"Parents are allocating approximately 10 percent of their total savings for their children’s college, a rate that has remained stable over the past three years," said the report. "However, since savings overall are down, the dollar amounts being saved for college are also lower."

This is the fifth installment of Sallie Mae's college saving study, which it first released in 2008. The report found that 4 in 10 of the surveyed parents said they were confident they could pay for the future price of college.

Stockton President Quits Abruptly

The president of Stockton University abruptly resigned Tuesday, citing medical reasons for his early departure. 

Herman Saatkamp's departure comes four months earlier than he originally told the university he would be leaving. “It saddens me to have to leave this abruptly,” Saatkamp said in a university news release. 

The resignation also comes a week after a faculty vote in which one-third wanted to call for his resignation and 80 percent supported "some level of condemnation" against the leader, according to a article. University stakeholders and New Jersey legislators are upset by Saatkamp's decision to purchase a hotel and casino for $18 million to use as a new Atlantic City campus and lodging for the school, despite restrictions that the building must be run as a casino hotel. The casino's parent corporation filed for bankruptcy shortly after the purchase.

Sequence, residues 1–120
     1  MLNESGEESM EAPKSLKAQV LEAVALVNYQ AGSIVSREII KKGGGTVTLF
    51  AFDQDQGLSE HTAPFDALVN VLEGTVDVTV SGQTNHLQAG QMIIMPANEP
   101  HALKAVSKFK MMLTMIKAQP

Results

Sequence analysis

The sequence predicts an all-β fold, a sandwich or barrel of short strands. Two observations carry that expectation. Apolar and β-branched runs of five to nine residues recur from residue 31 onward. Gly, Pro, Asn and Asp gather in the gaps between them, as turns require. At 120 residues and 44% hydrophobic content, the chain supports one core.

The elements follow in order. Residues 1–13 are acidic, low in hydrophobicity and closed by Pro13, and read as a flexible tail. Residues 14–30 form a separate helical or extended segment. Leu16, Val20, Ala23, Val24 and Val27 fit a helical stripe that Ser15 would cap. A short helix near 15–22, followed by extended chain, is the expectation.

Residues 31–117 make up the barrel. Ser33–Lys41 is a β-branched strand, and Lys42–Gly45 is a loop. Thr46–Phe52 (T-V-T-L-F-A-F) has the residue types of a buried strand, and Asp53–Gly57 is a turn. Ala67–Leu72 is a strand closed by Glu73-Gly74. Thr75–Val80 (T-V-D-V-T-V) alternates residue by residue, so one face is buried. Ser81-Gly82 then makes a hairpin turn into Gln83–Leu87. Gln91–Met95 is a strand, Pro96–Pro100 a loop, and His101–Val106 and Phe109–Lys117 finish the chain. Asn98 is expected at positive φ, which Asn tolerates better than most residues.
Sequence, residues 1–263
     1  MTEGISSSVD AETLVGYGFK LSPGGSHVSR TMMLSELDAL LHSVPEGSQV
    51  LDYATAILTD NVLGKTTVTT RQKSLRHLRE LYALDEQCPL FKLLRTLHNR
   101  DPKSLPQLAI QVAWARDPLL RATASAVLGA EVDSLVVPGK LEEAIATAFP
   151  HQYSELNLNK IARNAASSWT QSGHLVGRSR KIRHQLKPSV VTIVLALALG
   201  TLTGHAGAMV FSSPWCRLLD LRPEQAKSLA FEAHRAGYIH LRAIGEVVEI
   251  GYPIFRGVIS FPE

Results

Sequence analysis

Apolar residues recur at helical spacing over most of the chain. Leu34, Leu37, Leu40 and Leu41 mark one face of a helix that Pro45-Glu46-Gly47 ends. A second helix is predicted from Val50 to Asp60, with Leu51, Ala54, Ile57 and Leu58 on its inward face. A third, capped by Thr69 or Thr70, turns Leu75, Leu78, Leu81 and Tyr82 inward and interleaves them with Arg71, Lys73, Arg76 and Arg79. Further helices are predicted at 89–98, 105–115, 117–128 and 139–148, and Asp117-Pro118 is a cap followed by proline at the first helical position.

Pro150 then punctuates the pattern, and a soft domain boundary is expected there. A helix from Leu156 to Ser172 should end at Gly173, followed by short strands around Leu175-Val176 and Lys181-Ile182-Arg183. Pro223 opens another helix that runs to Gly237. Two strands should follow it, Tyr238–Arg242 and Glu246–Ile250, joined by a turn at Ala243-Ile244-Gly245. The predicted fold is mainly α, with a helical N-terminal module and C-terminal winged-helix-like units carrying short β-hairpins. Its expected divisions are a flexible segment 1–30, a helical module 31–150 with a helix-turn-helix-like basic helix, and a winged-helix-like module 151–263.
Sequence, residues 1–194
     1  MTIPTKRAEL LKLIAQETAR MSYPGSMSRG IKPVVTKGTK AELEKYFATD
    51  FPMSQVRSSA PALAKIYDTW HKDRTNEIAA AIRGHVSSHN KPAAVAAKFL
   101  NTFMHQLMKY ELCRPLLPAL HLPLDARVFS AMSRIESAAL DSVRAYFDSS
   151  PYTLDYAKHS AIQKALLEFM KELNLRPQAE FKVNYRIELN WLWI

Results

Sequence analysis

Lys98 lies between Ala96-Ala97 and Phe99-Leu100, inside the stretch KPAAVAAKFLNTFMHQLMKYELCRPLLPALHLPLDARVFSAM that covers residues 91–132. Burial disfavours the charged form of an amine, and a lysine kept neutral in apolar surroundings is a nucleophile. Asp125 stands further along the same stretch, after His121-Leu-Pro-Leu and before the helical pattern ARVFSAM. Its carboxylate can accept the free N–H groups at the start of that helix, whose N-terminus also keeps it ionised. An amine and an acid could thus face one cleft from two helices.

Stockton's provost, Harvey Kesselman, will serve as acting president.

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Colleges and the Education Department scramble to help former Corinthian students amid largest college shutdown

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Education Department and community colleges try to help Corinthian students transfer, but Senate Democrats and consumer groups complain about for-profits as a transfer option.

Latinos in Higher Education